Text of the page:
I've always had nice handwriting — at least, that's what people always told me. Whenever there was a school project that needed something written neatly, I was the girl people called.
I also, over the years, liked the re-invent my handwriting. When I was about 13 years old, I decided I no longer wanted to write a single-story lowercase a, but wanted to write the fancier two-story one. (Font nerds, more information about this here. Non-font nerds, single-story is the one we learned to write in school with the plain oval and line, two-story is the more traditional roman style. The lowercase A's on my site are all two-story.)
Needless to say, I've unknowingly been fascinated with this art form for many years, but started working on it and fine-tuning it in the last year or so.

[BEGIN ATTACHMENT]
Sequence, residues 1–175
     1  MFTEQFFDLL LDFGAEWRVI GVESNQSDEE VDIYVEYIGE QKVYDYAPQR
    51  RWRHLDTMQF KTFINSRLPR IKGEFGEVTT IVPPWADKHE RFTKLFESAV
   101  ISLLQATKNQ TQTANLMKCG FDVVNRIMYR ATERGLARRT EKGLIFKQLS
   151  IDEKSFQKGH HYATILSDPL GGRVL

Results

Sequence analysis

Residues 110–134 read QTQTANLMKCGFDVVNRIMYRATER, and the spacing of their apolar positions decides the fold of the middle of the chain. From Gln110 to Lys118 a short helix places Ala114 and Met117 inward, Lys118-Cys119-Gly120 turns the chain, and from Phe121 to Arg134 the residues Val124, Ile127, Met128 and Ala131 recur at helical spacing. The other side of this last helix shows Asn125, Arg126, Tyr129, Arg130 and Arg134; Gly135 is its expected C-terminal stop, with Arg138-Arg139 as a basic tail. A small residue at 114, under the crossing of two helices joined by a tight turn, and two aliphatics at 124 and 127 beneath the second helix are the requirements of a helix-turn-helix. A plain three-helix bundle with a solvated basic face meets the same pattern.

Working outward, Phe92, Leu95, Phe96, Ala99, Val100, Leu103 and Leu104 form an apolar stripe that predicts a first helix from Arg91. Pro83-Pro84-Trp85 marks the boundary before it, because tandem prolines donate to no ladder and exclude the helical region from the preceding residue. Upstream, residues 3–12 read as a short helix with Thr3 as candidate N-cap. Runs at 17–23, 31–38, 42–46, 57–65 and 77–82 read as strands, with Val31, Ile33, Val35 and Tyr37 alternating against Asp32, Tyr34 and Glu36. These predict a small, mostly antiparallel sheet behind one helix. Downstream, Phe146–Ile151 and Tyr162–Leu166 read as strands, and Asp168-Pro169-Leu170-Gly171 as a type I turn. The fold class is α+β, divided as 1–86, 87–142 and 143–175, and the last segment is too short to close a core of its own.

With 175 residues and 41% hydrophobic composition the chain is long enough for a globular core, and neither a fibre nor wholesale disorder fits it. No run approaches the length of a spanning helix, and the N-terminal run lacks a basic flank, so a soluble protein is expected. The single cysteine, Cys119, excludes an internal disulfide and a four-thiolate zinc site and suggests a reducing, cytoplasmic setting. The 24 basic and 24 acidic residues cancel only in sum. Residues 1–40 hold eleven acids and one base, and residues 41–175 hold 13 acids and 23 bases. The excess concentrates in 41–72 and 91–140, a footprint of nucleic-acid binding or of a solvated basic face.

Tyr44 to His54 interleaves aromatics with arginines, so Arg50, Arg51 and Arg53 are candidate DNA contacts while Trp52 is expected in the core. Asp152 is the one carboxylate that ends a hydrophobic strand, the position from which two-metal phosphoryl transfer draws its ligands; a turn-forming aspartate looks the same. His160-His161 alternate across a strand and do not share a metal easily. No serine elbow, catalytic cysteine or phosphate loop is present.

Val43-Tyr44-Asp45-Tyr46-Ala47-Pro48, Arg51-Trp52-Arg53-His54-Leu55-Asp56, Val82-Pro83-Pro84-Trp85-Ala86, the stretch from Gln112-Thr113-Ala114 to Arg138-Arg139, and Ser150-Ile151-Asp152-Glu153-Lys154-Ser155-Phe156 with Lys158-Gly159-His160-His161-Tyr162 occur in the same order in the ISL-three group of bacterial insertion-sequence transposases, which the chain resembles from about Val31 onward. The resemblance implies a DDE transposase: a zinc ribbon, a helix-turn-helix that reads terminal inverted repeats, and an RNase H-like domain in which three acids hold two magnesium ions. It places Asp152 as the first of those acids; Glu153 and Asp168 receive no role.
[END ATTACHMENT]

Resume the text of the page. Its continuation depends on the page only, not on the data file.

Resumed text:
Good handwriting, however, does not equal good lettering.
This has really been the trickiest part. While my notes to friends and short messages in greeting cards may have always been nice, that didn't translate well to lettering. Because in lettering you need to stop and think of each letter and stroke individually. You need to be cognizant about how they fit into the larger design. My brain is always three strokes ahead, thinking about the next few lines.
I had my (super-talented) husband made a video for me last night showing a simple brush lettering and watercolor design I worked on. You can see from my pauses and air-strokes how I'm constantly picturing how a particular stroke will fit in the overall design. At just over 3 minutes, it might not seem that this took me that long to make. But, this was also the 20th or so time that I drew this particular phrase. I knew where I wanted the letters to land and only made slight adjustments from my original concept.